Bad American Dubbing (1993)

There’s a bit in the English dub of Monster Zero where a woman, offscreen, bellows “AAAAAAAHHH!! LOOK OUT THE WINDOWWWWWW!!!” I, of course, replied “Proof positive that you can steal a scene without being in it.”

After the movie, our son thanked me for running the dubbed version. He said, “I prefer watching them dubbed because sometimes I have trouble reading the subtitles, and sometimes they go off the screen while I’m still reading them.” Reasonable points, both, but I cautioned him that sometimes the trouble with watching dubbed versions of movies made in other languages is that the dub is unreliable, stupid, or sometimes just plain ridiculous. And so I put on Bad American Dubbing, the first of three half-hour presentations of some of the worst moments that happened when American producers got their mitts and scissors on Japanese cartoons and live-action sci-fi.

My friends at Corn Pone Flicks made these presentations – documentaries is a bit inaccurate – in the mid-nineties, and I’m overheard in the peanut gallery at one point complaining about something. They’re pretty funny, full of deeply stupid moments and snarky commentary. They’re a bit insular, and rely on fan knowledge, especially from three decades’ distance. More subtitles definitely would help. One pops up at a helpful moment to clarify that it wasn’t Corn Pone who messed with the synchronization. No, one direct-to-video producer honestly released a tape where the dialogue between two characters had them mouthing each others’ lines.

But on the other hand, fans probably knew, in 1993, that Space Pirate Captain Harlock shouldn’t sound like the talking cowboy hat from Lidsville. But if you’ve never met the character before, you might not understand the problem. And while fans know that Sergeant Knox in the second season of Yamato most emphatically did not get out right behind the hero, the joke can only make sense to somebody who’d never seen it before if we got to see the cut scene of Knox getting shot full of holes. That would place the “nobody dies on American TV for kids” line in proper context. The moment also should have been placed right after a later, very silly moment where an actress’s death scene is undermined by somebody saying “She’s unconscious!” Suuuuuuure, she is.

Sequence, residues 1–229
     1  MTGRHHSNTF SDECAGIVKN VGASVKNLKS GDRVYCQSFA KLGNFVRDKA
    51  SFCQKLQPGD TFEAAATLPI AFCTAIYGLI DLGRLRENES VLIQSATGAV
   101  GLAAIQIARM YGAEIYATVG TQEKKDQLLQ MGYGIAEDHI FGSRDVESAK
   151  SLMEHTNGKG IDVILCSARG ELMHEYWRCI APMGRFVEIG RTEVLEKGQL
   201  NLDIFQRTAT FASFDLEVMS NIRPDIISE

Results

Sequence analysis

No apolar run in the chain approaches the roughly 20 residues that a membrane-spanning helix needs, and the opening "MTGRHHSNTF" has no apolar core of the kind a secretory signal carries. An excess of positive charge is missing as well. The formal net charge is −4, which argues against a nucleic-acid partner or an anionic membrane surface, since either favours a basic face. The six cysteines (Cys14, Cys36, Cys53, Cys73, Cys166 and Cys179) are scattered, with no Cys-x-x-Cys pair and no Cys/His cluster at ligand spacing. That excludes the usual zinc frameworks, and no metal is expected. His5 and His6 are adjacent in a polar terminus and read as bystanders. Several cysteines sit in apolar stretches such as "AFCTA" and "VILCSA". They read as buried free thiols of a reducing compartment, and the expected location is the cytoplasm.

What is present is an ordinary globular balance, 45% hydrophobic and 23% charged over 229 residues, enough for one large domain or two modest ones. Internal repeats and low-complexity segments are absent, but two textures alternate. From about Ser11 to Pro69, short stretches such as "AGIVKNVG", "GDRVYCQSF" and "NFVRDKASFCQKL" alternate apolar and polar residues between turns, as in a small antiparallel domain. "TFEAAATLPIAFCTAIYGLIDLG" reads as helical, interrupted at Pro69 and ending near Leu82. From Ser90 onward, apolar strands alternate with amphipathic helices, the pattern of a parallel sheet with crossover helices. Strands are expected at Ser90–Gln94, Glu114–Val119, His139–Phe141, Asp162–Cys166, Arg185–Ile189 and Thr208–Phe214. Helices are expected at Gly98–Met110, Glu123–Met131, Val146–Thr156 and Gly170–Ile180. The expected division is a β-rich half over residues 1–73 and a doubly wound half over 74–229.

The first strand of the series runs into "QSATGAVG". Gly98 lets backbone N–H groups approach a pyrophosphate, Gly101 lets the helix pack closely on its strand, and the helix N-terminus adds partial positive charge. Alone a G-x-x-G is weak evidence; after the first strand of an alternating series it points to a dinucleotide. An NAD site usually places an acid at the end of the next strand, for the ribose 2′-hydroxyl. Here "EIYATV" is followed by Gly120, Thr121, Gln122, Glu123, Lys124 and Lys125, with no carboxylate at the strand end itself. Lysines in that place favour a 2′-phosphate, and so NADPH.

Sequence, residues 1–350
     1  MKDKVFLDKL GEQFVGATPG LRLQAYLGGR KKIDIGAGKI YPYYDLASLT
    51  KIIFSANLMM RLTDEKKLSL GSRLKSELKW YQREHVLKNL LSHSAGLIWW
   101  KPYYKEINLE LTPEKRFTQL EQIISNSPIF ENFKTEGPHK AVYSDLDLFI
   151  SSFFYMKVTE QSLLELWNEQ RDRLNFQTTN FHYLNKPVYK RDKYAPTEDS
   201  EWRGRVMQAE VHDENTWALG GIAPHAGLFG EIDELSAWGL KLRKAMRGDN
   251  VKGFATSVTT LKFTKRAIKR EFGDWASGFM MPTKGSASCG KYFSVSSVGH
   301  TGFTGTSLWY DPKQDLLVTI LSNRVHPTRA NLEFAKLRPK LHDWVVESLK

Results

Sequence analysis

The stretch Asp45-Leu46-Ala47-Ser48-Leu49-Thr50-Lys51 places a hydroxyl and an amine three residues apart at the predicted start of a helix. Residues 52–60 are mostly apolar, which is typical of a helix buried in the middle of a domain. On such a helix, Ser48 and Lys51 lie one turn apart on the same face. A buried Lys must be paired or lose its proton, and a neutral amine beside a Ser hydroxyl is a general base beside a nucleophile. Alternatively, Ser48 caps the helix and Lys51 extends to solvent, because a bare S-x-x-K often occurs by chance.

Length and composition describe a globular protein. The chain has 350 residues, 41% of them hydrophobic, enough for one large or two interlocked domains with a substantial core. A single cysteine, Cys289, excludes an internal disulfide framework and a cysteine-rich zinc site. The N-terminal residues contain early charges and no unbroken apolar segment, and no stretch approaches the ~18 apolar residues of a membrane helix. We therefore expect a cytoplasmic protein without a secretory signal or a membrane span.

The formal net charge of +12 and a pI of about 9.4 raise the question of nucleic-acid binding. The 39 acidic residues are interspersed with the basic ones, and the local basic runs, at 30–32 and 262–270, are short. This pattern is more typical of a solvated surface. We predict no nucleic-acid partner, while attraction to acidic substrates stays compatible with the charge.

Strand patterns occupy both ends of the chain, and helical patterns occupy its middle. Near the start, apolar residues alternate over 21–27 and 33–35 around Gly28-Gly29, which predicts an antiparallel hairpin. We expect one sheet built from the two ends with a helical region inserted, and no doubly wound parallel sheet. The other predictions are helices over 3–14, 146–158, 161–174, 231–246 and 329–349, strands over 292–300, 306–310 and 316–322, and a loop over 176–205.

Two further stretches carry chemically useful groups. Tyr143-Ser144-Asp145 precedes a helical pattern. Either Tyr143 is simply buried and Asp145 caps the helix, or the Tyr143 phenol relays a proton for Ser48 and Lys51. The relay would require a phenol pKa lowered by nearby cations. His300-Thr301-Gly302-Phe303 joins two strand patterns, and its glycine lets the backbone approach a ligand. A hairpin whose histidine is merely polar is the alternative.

It lands with punches more often than not, as actors talk in incredible run-on sentences, employ half-assed “French” accents and Bela Lugosi voices, and struggle to be heard under the poorly-mixed noise of two different musical soundtracks. Characters don’t think that women are people, modulation needs to be looked at to be believed, the Prince of Space needs to tell his enemies that their ray guns have no effect on him seven separate times in a ninety minute movie, and Flash Contrail and the Differentiated Idioblast remind us that the clowns writing the scripts for these dubs were taking the piss.

At one point, Nadia of Blue Water’s little red pendant begins to glow. It’s not actually a problem with the dub, but it’s a fun excuse for Dave from Let’s Anime, one of the narrators, to compare it to Ultraman’s warning light. Our kid howled laughing, and while he took my point that some dubs are pretty terrible, he would still rather watch Japanese movies and cartoons dubbed, and clarified “I loved that Ultraman riff!”

Click the image of Nick Adams and his space girlfriend to visit Corn Pone Flicks‘ site and enjoy the shows!

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